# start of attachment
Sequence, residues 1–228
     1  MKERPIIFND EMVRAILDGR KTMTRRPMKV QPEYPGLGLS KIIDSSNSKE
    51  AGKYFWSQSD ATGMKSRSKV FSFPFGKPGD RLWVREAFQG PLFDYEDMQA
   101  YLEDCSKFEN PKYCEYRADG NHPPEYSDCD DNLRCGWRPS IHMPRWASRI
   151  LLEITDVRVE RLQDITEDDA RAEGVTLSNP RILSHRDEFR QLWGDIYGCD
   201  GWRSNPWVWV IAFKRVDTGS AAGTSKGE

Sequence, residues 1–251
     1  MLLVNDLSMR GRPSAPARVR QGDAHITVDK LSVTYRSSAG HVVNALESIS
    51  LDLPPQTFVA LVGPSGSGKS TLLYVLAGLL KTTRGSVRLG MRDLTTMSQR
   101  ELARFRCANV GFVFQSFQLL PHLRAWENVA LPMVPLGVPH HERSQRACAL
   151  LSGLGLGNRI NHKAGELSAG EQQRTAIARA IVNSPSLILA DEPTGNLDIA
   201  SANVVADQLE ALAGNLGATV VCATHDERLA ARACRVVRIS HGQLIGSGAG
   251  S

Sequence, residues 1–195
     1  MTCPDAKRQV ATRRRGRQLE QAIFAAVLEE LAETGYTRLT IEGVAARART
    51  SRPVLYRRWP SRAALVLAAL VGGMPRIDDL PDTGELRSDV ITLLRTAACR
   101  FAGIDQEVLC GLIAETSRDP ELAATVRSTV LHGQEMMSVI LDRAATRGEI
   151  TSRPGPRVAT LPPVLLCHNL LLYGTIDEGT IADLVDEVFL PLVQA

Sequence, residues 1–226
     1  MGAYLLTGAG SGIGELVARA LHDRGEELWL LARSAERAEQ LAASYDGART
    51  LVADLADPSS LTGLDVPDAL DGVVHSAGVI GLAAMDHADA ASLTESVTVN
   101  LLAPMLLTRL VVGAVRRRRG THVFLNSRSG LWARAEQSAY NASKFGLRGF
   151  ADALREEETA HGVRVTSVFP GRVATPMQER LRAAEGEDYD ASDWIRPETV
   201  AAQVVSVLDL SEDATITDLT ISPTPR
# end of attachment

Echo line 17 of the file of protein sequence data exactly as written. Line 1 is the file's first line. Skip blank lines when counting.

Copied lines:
   101  FAGIDQEVLC GLIAETSRDP ELAATVRSTV LHGQEMMSVI LDRAATRGEI